Introduction by John Thomspon
Periodically I would like to introduce articles to The Staffordshire Bull Terrier Forum.
The first series of articles are titled ASHSTOCK ANNOTATIONS.
The articles were written by Championship Show Judge Mr. Alec Waters of Great Britain.
I have found Ms. Rita Smith and Mr. Alec Waters to be two of the finest people in Staffordshire Bull Terriers. Both Rita and Alec are U.K. judges approved to award Challenge Certificates.
The first Ashstock Champion came along some 27 years ago:
CH. ASHSTOCK ARTFUL BESS
And then followed more great Ashstock dogs:
CH. ASHSTOCK BLACK MARIA
CH. ASHSTOCK BRINCHESTER
CH. ASHSTOCK MAX THE MILLER
CH. ASHSTOCK RED BUTTONS
CH. ASHSTOCK LUCKY JIM
Alec and Rita currently show Ashstock Crown Court and are continuing their success.
I have received permission from Mr. Waters and others - in regards to submitting their work to the forum.
I have chosen to submit these articles with the hopes of adding to the knowledge of all Stafford people. We can all learn from such articles.
By ALEC WATERS
The Behavior of (Some) Exhibitors
There can be no doubt that all competitions between members of the human race brings out the very worst in them, whether it be dahlias, leeks, rabbits, canaries, vegetables and dogs, etc., etc. As soon as their exhibit is pitted against another exhibit the fur can really fly. I'm sure that most people have seen the bad tempered behavior, prize cards torn up, flung onto the floor, even refused, when the unfortunate ring steward is presenting the prize cards. Then we constantly hear the verbal assignations of judges such as he/she is a crook, fool, etc. and I am certain all judges have suffered these remarks at one time or another. Over the many years of exhibiting I have seen exhibitors storming out of the ring muttering colorful and interesting descriptions of the judges abilities and sometimes his integrity, and occasionally even questioning the judges parents marital status. In certain breeds, not ours thank god! People snip bits of coat from the vital places from other exhibitors dogs, even occasionally sticking pills or drugs into the dogs of rival competitors. Now our innocent reader may be forgiven from thinking that this unreasonable and extraordinary behavior is a fairly modern phenomenon in our dog world and the good old days it was probably a matter of "after you Claude, no after you Cecil", or thank you Mr. Judge for my V.H.C., I think that the first dogs are so superior to my dog (!!). How wrong you would be thinking that this was the case. Right from the earliest organized dog show that awarded prize cards, prize money or whatever, the competition and attitude could be just as fierce and unpleasant as anything one may see today. The unfortunate judges suffered abuse, and anger from disappointed exhibitors and had to look out for fakers over one hundred years ago. Surprised then read on. The following five excerpts are taken for the Fox Terriers Chronicles published in the 1800's.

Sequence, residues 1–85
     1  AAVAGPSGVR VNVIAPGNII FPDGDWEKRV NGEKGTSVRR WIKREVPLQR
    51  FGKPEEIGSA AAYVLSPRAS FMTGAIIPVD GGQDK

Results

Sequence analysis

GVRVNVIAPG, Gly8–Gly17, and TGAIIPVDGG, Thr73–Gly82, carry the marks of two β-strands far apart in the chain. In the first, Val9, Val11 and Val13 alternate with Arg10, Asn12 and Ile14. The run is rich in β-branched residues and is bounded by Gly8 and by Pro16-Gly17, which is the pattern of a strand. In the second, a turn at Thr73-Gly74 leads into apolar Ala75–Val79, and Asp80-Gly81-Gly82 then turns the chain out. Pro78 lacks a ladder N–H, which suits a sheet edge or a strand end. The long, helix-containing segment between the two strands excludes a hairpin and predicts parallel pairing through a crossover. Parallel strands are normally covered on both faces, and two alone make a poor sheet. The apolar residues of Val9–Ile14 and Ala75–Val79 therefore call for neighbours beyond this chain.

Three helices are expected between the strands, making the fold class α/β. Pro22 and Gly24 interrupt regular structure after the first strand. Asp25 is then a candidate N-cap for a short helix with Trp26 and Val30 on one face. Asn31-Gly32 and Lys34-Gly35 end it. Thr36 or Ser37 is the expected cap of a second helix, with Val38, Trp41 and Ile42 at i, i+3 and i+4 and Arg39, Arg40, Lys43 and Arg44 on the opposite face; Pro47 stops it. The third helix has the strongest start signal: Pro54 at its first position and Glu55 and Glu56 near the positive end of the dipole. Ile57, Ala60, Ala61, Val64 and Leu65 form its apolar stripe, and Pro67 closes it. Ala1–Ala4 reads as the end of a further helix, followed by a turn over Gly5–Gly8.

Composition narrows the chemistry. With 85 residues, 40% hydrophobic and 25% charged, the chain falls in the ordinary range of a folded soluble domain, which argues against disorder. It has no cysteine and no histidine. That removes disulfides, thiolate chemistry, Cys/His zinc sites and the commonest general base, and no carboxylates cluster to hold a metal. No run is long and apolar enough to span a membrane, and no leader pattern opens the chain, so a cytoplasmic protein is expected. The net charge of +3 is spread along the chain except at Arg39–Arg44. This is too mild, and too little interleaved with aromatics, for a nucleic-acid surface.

Excerpt one written by a judge in the late 1800's, advising novice judges. The best four or five will be easily found, but the rest will be nearly the hardest part of the task undertaken. Having sent out half a dozen of the best to wait a little, the best plan is to station ones's self near the entrance to the ring and to set the class moving again, after one or two rounds the worst six or seven-the exact number of those out for the final of course, depends largely upon the strength of the class, and the number of prizes offered; the exact proportion being a point which we must leave to the judge's discrimination - will be easily distinguished, collect these in a group and quietly say "take your lot away please". This is a most embarrassing moment, the looks a chagrin, anger, disappointment, and disgust upon the countenances of the exhibitors owning those particular dogs do more to unman and disturb the equanimity of a novice judge than anything we know. This then is the reason why we advise that the mediocrities be collected in a group at one end of the ring, and dismissed together.